AKT: … and the water has healing power. As a spectator, I was fully going along with this and then comes your reaction. As this woman who is dying, you push us back into reality.
Paul (Jérémie Renier) with Frankie (Isabelle Huppert): “The way she doesn't want to leave money to her own son. All of this is quite harsh.”
IH: Into rationalism.
AKT: Frankie is completely upset at this moment.
IH: Probably out of anguish and anxiety. If you watch someone die, yes, you want to do everything possible to stop the disease. She doesn't believe in it. They do it out of anxiety and she does it out of anxiety as well. Go back to reality! Don't drag me into this bullshit over magic.
AKT: It's a lot about control and losing control.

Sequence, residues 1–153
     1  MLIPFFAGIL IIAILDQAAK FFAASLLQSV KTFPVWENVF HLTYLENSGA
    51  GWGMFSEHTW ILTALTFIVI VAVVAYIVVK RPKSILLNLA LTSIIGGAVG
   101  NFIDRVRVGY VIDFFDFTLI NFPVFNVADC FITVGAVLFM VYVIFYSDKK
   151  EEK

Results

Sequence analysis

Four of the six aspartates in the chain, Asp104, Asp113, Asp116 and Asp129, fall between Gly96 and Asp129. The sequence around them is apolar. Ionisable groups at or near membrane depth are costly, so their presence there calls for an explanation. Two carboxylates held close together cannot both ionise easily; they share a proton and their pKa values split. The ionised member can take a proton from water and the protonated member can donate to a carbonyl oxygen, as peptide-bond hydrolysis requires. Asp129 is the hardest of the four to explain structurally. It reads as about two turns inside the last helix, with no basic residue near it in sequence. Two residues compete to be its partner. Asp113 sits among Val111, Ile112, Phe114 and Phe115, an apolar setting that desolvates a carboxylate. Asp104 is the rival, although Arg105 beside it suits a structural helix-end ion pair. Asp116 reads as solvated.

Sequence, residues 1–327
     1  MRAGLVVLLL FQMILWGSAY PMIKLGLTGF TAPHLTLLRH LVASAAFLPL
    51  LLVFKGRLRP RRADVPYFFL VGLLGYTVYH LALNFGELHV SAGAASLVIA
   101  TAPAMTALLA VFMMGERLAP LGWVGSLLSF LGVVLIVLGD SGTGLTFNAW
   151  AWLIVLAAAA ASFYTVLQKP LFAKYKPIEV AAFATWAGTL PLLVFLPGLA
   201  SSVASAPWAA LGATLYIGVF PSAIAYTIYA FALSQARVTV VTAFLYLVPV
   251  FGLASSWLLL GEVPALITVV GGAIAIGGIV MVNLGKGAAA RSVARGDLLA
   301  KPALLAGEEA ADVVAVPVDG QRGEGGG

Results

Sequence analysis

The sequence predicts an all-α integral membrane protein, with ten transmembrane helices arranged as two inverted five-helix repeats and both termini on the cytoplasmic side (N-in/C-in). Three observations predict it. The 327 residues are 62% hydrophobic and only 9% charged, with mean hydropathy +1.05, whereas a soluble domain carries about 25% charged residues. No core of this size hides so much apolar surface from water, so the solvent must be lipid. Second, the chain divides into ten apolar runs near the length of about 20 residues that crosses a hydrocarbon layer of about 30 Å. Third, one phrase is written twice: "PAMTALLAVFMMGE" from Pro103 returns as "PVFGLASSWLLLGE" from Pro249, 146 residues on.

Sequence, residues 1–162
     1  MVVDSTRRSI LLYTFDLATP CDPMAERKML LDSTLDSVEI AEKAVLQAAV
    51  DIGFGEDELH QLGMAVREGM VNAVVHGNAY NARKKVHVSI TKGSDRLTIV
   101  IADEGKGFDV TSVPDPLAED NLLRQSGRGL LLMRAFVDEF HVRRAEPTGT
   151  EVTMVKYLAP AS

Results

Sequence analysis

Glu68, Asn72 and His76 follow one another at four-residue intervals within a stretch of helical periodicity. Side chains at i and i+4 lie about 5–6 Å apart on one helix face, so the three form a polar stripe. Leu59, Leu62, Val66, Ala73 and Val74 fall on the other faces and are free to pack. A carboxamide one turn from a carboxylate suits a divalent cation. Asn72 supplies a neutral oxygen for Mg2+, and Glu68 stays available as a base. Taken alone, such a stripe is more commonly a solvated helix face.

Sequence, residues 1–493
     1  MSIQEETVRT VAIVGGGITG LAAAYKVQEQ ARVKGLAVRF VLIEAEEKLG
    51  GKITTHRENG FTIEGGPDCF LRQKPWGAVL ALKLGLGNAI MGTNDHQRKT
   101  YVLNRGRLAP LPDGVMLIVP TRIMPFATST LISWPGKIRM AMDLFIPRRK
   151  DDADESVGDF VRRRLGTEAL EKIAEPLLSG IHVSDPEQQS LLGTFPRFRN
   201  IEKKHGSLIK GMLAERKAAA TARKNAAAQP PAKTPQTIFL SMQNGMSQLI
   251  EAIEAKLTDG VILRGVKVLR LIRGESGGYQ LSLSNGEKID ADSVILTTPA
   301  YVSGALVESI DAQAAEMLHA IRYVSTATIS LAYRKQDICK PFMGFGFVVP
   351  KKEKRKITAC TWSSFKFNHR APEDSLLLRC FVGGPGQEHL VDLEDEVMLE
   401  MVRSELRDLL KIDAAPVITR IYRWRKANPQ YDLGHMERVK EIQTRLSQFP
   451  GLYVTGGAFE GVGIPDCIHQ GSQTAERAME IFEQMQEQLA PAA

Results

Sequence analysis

IH: Yes and what's interesting about the movie is that she's a sick, ill person, but she's not a victim. She's never shown as a victim and actually you see no exterior signs of disease. If we didn't know that she was ill, if she didn't say it in that beautiful scene with Marisa. When she says "Yes the cancer has progressed," she obliges the audience to acknowledge that she is a dying person.
But if it weren't for these moments you couldn't tell. So the movie deliberately is about something else. It's about control, life and all that it implies, within the members of this kind of strange family and friends. Which means mysteries, lies, secrets. Which means narcissism, too. I mean, the way she thinks her money should be used after she dies.
Isabelle Huppert in Guillaume Nicloux’s Valley of Love
AKT: The way she wants to match up people.